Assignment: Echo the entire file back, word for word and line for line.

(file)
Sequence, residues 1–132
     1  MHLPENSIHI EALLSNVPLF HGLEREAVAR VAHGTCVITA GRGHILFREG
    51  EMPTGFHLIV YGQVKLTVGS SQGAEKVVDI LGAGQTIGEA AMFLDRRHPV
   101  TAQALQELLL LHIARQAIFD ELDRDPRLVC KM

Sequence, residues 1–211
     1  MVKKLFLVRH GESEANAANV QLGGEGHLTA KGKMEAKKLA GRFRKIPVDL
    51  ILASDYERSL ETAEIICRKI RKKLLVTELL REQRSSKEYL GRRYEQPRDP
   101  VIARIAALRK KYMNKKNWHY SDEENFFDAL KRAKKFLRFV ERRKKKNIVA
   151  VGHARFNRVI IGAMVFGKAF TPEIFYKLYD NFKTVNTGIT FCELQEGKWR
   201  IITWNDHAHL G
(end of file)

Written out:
Sequence, residues 1–132
     1  MHLPENSIHI EALLSNVPLF HGLEREAVAR VAHGTCVITA GRGHILFREG
    51  EMPTGFHLIV YGQVKLTVGS SQGAEKVVDI LGAGQTIGEA AMFLDRRHPV
   101  TAQALQELLL LHIARQAIFD ELDRDPRLVC KM

Sequence, residues 1–211
     1  MVKKLFLVRH GESEANAANV QLGGEGHLTA KGKMEAKKLA GRFRKIPVDL
    51  ILASDYERSL ETAEIICRKI RKKLLVTELL REQRSSKEYL GRRYEQPRDP
   101  VIARIAALRK KYMNKKNWHY SDEENFFDAL KRAKKFLRFV ERRKKKNIVA
   151  VGHARFNRVI IGAMVFGKAF TPEIFYKLYD NFKTVNTGIT FCELQEGKWR
   201  IITWNDHAHL G